“Famed D.C. entrepreneur and investor Mark Ein will buy D.C. alt-weekly Washington City Paper in a deal expected to close in the first week of January and to return the 36-year-old newspaper to health and stability, reports Washington Business Journal, which added that “Ein, chairman and majority owner of the Washington Kastles, Venturehouse Group LLC and Falls Church security company Kastle Systems, didn’t disclose terms of the deal, but cited the need for high-quality journalism — “particularly today,” he said.
According to a release, “Ein reached an agreement to purchase the Washington City Paper (WCP), the alternative weekly newspaper renowned for its high-quality, responsible, local journalism since 1981, from SouthComm Inc. Mr. Ein, a D.C.-area native and experienced venture capitalist and philanthropist, is making a strong commitment to the paper’s sustainability over the long-term, retaining Alexa Mills as chief editor, and assembling initial groups of WCP Alumni and Washington-based business and civic leaders to provide editorial and financial support to City Paper, respectively.”
Said Ein, “Every thriving community needs strong local news, and Washington City Paper has been a critical part of the fabric of our city, and a great incubator of journalistic talent, for decades. With a talented staff and the support of our initial groups of respected journalistic veterans and business and civic leaders, I want to do everything I can to insure that the City Paper continues producing great journalism and responsible local news for decades to come.”
The release added that under his leadership, “Ein has formed two groups to re-energize the paper. In the first group are founding members of the Washington City Paper Journalist Alumni Group that worked at City Paper during their career and that will offer editorial and other support. Members include CNN Anchor Jake Tapper, author and journalist Ta-Nehisi Coates, and Pulitzer Prize winning journalist, Kate Boo. The latter two have each won both the MacArthur Genius Award and National Book Award.
“Ein has also garnered the support of an initial group of the “Friends of Washington City Paper” that includes Washington-based business and civic leaders who will help in individual ways including advising, contributing and investing. Members include Monumental Sports & Entertainment founder and CEO Ted Leonsis, renowned chef and ThinkFoodGroup founder José Andrés, former DC mayor Tony Williams, I.M.P. Chairman Seth Hurwitz, United Talent Agency CEO Jeremy Zimmer, author George Pelecanos, executive Mark Walsh, and BrandLinkDC Co-CEO Jayne Sandman. Advisors on the acquisition include journalist Harry Jaffe, fundraiser Nancy Anderson and communications executives Eric London and David Dreyer, and Latham & Watkins.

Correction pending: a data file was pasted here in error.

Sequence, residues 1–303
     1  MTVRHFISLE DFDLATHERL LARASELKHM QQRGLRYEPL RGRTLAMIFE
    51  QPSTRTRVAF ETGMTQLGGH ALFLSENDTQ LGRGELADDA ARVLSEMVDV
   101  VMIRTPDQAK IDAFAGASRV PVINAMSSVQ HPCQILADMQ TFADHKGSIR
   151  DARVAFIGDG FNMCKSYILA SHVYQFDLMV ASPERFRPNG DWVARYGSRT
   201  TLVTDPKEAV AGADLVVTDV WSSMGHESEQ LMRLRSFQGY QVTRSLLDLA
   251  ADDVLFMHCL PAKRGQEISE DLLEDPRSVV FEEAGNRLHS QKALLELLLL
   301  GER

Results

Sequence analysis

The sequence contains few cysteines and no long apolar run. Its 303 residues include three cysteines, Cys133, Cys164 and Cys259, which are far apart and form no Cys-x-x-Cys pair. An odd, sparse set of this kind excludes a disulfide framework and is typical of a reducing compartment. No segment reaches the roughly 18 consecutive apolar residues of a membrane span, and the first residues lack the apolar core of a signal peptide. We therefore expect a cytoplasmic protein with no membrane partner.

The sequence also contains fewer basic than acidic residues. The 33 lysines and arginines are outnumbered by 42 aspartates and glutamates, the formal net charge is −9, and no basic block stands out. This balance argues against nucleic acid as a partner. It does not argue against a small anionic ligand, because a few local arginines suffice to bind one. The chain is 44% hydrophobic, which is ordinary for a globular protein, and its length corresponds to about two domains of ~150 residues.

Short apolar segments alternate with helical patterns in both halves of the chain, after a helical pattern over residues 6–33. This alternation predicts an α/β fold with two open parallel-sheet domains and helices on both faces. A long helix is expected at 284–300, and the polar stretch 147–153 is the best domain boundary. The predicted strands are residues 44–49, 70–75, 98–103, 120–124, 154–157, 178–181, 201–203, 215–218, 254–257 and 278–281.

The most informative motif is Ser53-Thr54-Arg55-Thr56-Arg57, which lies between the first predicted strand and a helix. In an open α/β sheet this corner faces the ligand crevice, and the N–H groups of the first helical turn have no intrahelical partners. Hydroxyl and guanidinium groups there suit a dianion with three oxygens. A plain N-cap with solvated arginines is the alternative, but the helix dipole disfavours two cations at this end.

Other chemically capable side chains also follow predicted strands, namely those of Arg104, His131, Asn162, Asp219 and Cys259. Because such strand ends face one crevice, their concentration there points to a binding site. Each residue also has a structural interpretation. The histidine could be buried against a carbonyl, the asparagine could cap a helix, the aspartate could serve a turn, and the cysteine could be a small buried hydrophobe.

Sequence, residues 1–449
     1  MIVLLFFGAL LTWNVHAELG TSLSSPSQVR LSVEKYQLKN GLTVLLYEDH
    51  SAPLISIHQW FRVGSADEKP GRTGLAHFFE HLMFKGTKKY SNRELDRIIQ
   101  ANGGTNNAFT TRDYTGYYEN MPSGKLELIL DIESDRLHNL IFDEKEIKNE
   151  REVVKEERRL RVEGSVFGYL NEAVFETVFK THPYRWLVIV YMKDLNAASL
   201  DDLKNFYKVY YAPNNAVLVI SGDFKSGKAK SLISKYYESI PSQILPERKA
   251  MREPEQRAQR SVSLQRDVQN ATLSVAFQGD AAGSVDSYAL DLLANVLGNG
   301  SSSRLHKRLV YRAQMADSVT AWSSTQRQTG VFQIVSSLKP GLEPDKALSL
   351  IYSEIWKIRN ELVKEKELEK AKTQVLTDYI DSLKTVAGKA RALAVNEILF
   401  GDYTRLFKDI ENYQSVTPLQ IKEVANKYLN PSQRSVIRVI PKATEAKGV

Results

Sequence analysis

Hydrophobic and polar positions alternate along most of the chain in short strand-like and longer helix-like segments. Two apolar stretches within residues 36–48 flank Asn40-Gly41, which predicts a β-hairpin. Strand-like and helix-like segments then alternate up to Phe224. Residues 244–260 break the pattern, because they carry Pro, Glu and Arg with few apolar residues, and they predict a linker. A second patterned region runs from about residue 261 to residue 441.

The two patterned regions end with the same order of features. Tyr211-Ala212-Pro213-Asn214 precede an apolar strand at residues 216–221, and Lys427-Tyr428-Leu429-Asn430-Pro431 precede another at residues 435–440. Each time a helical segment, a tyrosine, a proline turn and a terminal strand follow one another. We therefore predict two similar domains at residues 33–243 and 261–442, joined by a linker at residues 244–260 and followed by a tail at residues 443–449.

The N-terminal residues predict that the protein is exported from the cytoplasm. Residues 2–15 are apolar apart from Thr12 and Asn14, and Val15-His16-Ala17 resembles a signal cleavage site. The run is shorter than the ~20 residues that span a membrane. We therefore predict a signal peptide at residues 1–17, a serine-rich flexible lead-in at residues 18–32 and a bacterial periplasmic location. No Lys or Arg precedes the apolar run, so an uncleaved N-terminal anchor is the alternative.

“”It speaks volumes about City Paper that so many extraordinary journalists and leaders from across the Washington landscape have come together so quickly to support the City Paper‘s future success,” Ein said. He anticipates expanding the groups considerably and added “We will need and work for broad community support so City Paper can be sustainable and fulfill its important mission over the long-term. We hope and expect many more people will join and contribute to our team.”
“Readers can show their support for Washington City Paper by using the hashtag #ISupportWCP.
“”We are overjoyed today here at City Paper because we are committed to local and public service journalism. We are especially excited to get back to work. We have many story ideas right now,” says Alexa Mills, WCP‘s editor. Ms. Mills will remain in her post as chief editor and there will be a search for a new Publisher, with current publisher Eric Norwood continuing to be part of the paper for the foreseeable future. While Mr. Ein will support the paper, especially as it relates to building and strengthening its foundation, he will not have any daily role.
“As the result of today’s announcement, Ms. Mills was able to assure the WCP staff that they can expect continuity with regard to their roles and salaries at current levels.”
Business Journal photo.